• James Walton

On Delegation

The ability to delegate effectively is directly related to a business leader's capacity to scale up.

There are problems here, however.

  • You're good at what you do. It's tough to delegate something that you've spent decades perfecting.

  • Nobody cares as much about your business as you do. This is normal. They're not the owner, so their stakes and their motivation is different than yours.

  • Good help is hard to find.

Despite the above, if you don't learn to delegate, the venture is ultimately capped by you and your capacity, which is limited.

If you don't learn to delegate, the venture is ultimately capped by you and your capacity, which is limited.

Here's a few thoughts on delegating more effectively

  • Define the level of autonomy involved. Michael Hyatt has a fabulous five-step paradigm for how to delegate effectively. I encourage you to check it out.

  • Document. Document. Document. Having robust process guides and work aides, though difficult and time-consuming to create, pay for themselves many times over in their ability to standardize and replicate work processes.

  • Be patient. The time required to transfer skills, observe behavior, and provide meaningful feedback isn't easy, but it's worth it.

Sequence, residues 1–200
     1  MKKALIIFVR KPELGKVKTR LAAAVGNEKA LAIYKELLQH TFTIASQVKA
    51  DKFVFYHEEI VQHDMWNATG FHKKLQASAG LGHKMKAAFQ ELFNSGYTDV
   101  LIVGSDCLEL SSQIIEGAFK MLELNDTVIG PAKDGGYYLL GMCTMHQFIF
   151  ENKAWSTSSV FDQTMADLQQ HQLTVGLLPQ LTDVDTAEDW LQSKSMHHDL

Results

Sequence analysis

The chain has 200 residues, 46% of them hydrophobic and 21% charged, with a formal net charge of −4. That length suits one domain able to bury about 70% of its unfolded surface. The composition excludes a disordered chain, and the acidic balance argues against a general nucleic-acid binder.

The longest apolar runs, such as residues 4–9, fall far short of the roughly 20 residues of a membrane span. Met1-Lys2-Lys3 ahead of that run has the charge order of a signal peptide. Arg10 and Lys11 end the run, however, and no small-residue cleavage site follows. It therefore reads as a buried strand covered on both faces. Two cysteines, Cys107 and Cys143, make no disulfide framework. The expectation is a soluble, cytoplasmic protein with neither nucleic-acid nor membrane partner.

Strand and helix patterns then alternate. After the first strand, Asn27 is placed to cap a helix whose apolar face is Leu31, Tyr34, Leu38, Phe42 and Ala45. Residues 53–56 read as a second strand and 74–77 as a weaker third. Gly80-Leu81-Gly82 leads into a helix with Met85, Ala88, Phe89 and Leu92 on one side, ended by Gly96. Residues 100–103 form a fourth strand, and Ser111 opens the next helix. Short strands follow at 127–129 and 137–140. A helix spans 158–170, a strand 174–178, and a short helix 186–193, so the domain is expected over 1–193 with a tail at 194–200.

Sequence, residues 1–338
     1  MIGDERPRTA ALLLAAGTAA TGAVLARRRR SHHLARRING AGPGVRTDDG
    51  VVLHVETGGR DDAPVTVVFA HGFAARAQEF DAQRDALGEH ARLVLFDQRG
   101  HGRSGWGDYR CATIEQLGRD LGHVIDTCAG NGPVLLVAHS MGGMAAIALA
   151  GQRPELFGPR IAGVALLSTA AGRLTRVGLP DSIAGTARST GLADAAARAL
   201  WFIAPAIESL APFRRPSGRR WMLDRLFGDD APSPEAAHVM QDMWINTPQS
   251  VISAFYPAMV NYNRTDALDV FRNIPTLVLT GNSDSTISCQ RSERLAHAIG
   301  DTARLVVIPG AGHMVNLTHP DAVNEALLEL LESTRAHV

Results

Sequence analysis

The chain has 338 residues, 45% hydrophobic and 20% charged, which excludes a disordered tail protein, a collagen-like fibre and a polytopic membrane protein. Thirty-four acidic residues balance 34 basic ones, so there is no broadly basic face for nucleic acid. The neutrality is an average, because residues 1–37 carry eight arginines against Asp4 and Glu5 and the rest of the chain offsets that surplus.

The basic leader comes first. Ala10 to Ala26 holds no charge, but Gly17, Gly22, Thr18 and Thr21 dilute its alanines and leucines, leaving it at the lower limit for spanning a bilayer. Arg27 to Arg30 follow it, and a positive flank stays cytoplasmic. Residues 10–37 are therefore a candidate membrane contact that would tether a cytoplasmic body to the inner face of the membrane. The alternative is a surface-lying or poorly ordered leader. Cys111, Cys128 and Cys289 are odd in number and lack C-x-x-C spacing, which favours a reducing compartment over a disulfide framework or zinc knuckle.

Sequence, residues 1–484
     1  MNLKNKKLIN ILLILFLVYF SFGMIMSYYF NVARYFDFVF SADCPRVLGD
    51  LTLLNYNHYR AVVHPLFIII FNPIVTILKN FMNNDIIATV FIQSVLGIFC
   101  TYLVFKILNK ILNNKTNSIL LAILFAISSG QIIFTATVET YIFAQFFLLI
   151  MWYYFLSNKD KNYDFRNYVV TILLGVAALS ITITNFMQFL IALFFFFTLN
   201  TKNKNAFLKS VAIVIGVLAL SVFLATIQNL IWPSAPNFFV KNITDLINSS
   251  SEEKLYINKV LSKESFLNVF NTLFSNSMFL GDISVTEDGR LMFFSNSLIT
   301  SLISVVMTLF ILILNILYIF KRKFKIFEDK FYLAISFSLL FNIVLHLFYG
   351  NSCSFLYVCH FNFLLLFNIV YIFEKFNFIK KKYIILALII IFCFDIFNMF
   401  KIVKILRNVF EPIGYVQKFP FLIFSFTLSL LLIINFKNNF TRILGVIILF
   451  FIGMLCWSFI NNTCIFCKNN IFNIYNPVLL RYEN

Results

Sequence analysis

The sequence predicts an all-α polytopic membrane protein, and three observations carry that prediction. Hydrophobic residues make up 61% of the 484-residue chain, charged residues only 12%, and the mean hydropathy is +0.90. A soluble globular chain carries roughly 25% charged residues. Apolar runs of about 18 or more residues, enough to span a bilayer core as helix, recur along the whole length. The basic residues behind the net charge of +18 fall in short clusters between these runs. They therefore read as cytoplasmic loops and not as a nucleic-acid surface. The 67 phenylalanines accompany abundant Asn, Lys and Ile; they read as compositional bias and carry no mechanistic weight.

Delegation is a painful, necessary skill to develop if you want to scale up. Hopefully these behaviors help.


At Trellis Group, we believe chaos is the enemy of the small business. It's our mission to partner with small business owners and their teams to develop the managerial practices and processes to crush chaos. If you feel overwhelmed and need a proven system to focus on the next best thing, we can help. Companies who work with us see revenues go up, anxiety go down, and work becomes a force multiplier for good in the lives of your people. Reach out to discover how the Trellis Group can help you crush chaos.


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